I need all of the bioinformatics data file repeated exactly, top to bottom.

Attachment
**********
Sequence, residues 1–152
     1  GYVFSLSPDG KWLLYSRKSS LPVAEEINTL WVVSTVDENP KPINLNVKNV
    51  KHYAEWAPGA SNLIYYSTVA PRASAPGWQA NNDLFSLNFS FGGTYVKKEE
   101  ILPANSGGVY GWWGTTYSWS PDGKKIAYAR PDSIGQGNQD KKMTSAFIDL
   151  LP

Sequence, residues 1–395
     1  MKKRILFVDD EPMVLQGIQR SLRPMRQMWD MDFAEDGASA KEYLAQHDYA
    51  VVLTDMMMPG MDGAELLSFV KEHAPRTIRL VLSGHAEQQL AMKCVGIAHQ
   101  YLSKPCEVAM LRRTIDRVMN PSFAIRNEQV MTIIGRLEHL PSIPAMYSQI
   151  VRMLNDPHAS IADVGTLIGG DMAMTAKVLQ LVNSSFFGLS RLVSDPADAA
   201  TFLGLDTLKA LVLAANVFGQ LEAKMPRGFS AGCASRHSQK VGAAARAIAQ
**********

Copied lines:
Sequence, residues 1–152
     1  GYVFSLSPDG KWLLYSRKSS LPVAEEINTL WVVSTVDENP KPINLNVKNV
    51  KHYAEWAPGA SNLIYYSTVA PRASAPGWQA NNDLFSLNFS FGGTYVKKEE
   101  ILPANSGGVY GWWGTTYSWS PDGKKIAYAR PDSIGQGNQD KKMTSAFIDL
   151  LP

Sequence, residues 1–395
     1  MKKRILFVDD EPMVLQGIQR SLRPMRQMWD MDFAEDGASA KEYLAQHDYA
    51  VVLTDMMMPG MDGAELLSFV KEHAPRTIRL VLSGHAEQQL AMKCVGIAHQ
   101  YLSKPCEVAM LRRTIDRVMN PSFAIRNEQV MTIIGRLEHL PSIPAMYSQI
   151  VRMLNDPHAS IADVGTLIGG DMAMTAKVLQ LVNSSFFGLS RLVSDPADAA
   201  TFLGLDTLKA LVLAANVFGQ LEAKMPRGFS AGCASRHSQK VGAAARAIAQ